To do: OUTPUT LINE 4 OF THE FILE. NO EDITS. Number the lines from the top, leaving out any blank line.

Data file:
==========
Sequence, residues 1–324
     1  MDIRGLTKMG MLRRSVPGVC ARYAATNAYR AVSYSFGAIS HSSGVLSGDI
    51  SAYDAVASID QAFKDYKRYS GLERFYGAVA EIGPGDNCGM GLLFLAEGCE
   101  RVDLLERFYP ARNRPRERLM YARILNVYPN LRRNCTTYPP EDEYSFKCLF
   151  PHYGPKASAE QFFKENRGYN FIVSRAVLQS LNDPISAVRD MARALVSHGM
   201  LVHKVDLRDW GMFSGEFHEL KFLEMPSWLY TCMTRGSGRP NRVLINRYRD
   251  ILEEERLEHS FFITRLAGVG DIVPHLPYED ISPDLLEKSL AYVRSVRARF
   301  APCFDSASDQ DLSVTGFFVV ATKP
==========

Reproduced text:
   101  RVDLLERFYP ARNRPRERLM YARILNVYPN LRRNCTTYPP EDEYSFKCLF